North of the border
Joey Votto played in Billings as a member of the Mustangs in 2003. Philippe Valiquette donned a Mustangs jersey in 2005 and 2007. And now there is catcher Jordan Wideman.

What's the connection? All are Canadian and are part of what is a continuing trend of more players north of the border getting drafted and signed by major-league clubs. The Helena Brewers, for example, have four Canadians on their roster and Wideman's older brother - A.J. - plays for the Toronto Blue Jays' Single-A affiliate in Dunedin.

"I'd say in the last few years the scouting in Canada has been a lot better," Jordan Wideman said. "And guys in Canada have been getting out in the U.S. and been able to play more, getting seen more (by scouts), which is great, you know."

Wideman, who is from Mississauga, Ontario, was selected in the 11th round in the 2007 draft by the Cincinnati Reds and he spent all of last year in the Gulf Coast League, batting just .213.

But the 19-year-old has gotten off to a hot start with the Mustangs. Through his first 10 games he was batting .324 with six doubles and he led the Mustangs with 10 RBIs.

"My first year in pro ball, I was just trying too hard," said Wideman of his struggles last season. "I've been very fortunate with my playing time here, to get the at-bats I need. I've done pretty well this year. It's been good. Hopefully it keeps up, though."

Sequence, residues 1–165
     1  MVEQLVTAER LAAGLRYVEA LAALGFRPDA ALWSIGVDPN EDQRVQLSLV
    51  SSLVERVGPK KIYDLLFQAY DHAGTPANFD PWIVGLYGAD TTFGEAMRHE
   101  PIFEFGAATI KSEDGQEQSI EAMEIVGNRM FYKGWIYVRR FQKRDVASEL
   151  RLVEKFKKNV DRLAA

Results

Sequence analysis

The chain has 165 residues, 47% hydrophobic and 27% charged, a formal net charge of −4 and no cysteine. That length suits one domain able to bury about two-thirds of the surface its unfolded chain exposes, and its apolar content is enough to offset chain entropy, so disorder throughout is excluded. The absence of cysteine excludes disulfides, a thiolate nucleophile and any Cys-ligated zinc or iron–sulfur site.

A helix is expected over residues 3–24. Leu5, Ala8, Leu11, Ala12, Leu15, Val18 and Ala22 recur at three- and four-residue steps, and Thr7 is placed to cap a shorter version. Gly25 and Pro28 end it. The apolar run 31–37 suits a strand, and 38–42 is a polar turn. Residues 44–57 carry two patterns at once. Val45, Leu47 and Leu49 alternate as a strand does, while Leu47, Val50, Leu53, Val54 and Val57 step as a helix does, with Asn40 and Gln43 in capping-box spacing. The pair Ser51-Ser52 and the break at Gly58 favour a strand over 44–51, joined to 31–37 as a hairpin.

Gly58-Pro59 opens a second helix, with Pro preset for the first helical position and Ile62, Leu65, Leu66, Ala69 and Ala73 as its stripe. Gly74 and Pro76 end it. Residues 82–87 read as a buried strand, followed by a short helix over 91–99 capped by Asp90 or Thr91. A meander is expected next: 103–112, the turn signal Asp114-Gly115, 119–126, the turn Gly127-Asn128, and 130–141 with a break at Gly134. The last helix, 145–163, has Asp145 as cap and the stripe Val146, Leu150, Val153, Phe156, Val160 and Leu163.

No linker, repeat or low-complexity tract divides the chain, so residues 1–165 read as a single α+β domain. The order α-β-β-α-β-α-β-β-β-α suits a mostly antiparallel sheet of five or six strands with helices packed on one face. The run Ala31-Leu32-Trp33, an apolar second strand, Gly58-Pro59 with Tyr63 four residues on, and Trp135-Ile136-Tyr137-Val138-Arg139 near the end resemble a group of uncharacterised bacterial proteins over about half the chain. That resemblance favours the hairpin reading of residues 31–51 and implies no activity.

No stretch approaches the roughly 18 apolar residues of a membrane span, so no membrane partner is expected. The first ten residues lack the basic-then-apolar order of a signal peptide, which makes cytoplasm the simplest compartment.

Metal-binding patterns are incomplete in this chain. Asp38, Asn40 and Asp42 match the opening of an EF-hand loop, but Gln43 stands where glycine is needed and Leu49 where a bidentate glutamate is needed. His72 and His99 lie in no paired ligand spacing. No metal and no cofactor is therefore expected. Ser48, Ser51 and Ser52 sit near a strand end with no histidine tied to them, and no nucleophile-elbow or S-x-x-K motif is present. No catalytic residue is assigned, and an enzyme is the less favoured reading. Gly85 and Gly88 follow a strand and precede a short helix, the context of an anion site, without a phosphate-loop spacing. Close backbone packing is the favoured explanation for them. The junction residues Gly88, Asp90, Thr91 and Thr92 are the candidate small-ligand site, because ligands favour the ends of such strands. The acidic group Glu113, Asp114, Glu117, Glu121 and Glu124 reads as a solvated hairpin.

Crowded roster
A Pioneer League roster always causes challenges for a team's manager and this year's roster is no different. The Cincinnati Reds have stocked the Mustangs with seven outfielders and four catchers. Brett Bartles, who is listed as an outfielder, plays mostly on the infield, and catcher Frank Meade has a hamstring injury that could keep him out for up to three weeks, so the crunch is eased somewhat.

It's still a tough balancing act for Garcia, though, who said he simply tries to "mix and match," based on Garcia's feel for the team that day and how things are going on the field.

"I feel bad for the players because they all want to play and they all feel they should be in the linuep, and rightfully so, they all should feel that way," Garcia said. "Usually if somebody gets hot, for example like Carlos (Mendez) is right now, then I'll let him play a few more days until he's not so.

"That's what I try to do is just get everybody in and keep everybody as happy as humanly possible."

Notes and quotes